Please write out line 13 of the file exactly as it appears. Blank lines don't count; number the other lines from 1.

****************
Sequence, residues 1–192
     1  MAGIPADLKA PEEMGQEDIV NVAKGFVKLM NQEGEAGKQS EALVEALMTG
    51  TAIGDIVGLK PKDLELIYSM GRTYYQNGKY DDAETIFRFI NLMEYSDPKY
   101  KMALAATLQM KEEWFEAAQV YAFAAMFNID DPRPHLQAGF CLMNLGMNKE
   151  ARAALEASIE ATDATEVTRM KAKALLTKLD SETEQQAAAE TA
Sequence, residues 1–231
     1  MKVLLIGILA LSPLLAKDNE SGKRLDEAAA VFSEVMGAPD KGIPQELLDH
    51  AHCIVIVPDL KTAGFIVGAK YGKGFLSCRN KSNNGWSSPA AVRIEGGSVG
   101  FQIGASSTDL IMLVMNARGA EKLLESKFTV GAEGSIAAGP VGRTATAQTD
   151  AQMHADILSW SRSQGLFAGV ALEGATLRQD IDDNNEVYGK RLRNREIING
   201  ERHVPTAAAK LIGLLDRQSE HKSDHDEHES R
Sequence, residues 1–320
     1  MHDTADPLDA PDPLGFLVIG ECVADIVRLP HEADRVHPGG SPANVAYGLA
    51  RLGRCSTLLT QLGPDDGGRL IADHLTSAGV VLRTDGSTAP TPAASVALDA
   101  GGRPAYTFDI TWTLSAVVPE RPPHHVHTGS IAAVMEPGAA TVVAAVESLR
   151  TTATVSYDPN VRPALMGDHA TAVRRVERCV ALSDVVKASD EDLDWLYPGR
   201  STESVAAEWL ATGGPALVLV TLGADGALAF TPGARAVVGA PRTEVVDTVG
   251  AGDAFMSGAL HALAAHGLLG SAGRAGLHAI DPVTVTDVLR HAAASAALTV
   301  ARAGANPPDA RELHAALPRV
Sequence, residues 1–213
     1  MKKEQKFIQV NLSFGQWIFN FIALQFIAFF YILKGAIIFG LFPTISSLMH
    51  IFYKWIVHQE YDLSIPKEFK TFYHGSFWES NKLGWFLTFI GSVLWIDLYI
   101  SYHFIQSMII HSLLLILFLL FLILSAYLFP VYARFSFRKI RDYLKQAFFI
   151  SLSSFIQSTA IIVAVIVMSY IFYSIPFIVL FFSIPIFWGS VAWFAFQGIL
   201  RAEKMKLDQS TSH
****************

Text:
     1  MHDTADPLDA PDPLGFLVIG ECVADIVRLP HEADRVHPGG SPANVAYGLA